DIY Stair Banister Makeover Using Gel Stain

When we talk beautifying a builder-grade home, we hear two complaints most: builder beige (or “nicotine white”) paint and builder-grade oak — everywhere! If you’re looking to upgrade your honey oak stair railing, cabinets, or other oak fixtures, gel stain is a great way to update without having to do all the work of completely sanding everything down and restaining it. Our guest today is sharing her stair banister makeover: just look at the before and after!

How to Redo an Oak Stair Banister in Java Using Gel Stain, Semi-Domesticated Mama featured on Remodelaholic

Scroll down for the info on how Delia updated her banister, and check out this post for ten more great stair makeovers:

Best Staircase Makeovers on Remodelaholic.com #stairs #makeover #diy

DIY Stair Banister Makeover Using Gel Stain
by Delia of Semi-Domesticated Mama

oak stair railing makeover using gel stain, Semi-Domesticated Mama featured on Remodelaholic

Hi y’all. I’m Delia- a sassy southern mama blessed with one hot husband & five crazy kids who think the cleaning fairy is a real thing. I share the best parts of raising a large family as well as the challenges of being mom of a special needs child and a foster/adoptive parent. I am on a mission to tame the chaos in our home- you can read all about that in my 31 Days to an Organized & Clutter Free Life series. I spent this summer completing a whole house remodel- from gel staining the kitchen cabinets to designing a fun shared bedroom for my son & daughter– and now I’m busy trying to convince my husband we need to turn our deck into a sun room. Wish me luck.

Gel Staining The Stair Banisters

Our stair banisters and rails were original to the house and were a basic builder grade oak color with white rails. The varnish was chipped and peeling off on the banisters while the rails were old and faded. I had been putting off the project for awhile but something had to be done. The banisters and rails are literally the first thing you see when you enter the front door- and they were not making a great first impression.   diy oak banister makeover, Semi-Domesticated Mama featured on Remodelaholicbuilder grade oak stair railing makeover using gel stain, Semi-Domesticated Mama featured on Remodelaholic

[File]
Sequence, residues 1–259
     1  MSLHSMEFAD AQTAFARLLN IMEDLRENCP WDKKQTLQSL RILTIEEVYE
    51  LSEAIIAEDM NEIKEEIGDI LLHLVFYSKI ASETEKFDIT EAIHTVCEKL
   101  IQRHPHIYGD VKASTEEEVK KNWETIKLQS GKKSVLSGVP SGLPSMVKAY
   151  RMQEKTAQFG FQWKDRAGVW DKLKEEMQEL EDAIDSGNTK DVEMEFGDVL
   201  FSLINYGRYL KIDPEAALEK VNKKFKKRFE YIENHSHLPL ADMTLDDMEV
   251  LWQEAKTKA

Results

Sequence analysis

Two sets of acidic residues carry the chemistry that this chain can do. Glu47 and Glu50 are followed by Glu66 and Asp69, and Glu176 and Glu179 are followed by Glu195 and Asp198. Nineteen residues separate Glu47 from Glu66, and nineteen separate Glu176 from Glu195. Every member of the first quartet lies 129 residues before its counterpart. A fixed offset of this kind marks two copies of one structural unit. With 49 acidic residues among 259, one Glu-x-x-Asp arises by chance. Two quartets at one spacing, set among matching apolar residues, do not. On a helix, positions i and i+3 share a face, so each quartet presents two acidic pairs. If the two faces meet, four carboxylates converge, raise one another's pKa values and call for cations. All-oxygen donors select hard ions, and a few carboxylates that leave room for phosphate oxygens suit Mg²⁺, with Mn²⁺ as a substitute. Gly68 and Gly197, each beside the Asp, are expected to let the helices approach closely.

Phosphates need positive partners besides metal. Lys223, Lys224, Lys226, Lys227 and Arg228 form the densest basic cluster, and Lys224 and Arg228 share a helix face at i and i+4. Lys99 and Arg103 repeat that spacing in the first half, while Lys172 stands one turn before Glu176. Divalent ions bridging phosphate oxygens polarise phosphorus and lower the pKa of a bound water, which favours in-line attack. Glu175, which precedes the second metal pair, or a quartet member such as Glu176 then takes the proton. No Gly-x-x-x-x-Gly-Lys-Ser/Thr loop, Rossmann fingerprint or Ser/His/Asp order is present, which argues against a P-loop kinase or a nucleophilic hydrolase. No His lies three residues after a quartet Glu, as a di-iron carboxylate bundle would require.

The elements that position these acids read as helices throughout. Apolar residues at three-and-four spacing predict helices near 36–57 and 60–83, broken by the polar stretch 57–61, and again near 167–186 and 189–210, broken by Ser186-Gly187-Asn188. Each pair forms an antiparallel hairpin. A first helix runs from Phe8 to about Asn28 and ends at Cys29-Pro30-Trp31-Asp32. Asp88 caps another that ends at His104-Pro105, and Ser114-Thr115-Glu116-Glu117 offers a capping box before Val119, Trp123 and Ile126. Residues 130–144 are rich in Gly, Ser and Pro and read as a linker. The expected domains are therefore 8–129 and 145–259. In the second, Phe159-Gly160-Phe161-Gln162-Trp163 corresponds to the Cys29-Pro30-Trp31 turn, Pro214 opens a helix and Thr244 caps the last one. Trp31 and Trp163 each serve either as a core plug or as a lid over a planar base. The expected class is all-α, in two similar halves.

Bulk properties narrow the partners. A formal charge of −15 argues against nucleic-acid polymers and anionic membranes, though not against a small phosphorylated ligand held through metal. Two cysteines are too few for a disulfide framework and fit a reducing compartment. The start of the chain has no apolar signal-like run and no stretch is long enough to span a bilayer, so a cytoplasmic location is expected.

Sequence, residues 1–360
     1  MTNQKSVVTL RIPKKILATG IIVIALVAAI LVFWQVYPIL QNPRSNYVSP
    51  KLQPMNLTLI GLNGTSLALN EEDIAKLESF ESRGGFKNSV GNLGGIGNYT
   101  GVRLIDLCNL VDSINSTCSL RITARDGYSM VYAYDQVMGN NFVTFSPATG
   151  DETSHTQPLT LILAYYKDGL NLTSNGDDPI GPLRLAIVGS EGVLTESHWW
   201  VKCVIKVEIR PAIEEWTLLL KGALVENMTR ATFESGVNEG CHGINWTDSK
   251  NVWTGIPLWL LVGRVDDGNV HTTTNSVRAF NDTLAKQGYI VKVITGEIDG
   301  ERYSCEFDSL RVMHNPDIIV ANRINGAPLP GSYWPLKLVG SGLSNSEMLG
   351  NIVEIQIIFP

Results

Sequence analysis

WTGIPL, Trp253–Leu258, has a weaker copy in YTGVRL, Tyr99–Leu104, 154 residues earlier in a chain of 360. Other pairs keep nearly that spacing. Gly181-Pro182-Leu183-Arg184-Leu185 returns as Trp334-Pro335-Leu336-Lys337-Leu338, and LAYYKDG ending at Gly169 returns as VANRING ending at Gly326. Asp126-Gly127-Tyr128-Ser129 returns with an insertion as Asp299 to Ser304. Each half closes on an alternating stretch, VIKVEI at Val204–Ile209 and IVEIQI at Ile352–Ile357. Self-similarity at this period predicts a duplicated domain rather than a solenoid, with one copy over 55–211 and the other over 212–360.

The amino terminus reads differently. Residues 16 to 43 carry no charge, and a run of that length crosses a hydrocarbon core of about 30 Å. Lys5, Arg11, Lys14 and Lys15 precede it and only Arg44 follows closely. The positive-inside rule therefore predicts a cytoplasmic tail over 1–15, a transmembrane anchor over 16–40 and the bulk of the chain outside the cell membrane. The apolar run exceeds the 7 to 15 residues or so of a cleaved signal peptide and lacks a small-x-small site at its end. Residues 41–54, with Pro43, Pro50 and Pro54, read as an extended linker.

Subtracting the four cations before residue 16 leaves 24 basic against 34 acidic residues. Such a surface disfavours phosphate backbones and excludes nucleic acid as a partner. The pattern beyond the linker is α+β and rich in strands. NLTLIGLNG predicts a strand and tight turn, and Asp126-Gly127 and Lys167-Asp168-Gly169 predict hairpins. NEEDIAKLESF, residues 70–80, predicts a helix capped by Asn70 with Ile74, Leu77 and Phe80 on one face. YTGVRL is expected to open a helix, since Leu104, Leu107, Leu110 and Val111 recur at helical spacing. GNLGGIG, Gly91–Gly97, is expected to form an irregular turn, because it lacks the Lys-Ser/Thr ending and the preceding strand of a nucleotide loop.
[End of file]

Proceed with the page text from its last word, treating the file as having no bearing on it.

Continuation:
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I decided to use gel stain instead of regular stain, mainly because I did not want to strip the wood down completely. I wanted maximum effect with minimum effort. The gel stain allowed me to achieve the results I wanted without the hassle involved with using regular stain. I used General Finishes Gel Stain in the color Java (Remodelaholic note: you can buy General Finishes Gel Stain in Java here on Amazon or find a store near you). I highly recommend this product and this tutorial is based only on the use of this product.

The prep work is probably the most important step when you use gel stain. You cannot skimp on the prep or you will not get the results that you’re wanting from the finished product. For this project you will need the following materials:

Step-by-Step Gel Stain Process

  1. Clean the surface of the wood with Lysol scrubbing wipes & allow to dry completely.
  2. Use a sanding block and lightly sand all the wood surfaces. Be sure to sand with the grain so you don’t create deep scratches or gouges in the wood. Use cheesecloth or a damp paper towel to remove any dust particles.
  3. Tape the walls, baseboards, and carpet around the banisters and rails. Make sure you are very precise- gel stain is hard to get off of carpet. You can even use plastic sheeting and tape that down if you’re really concerned about your carpet. I used painters tape on the walls and thick masking tape on the carpet.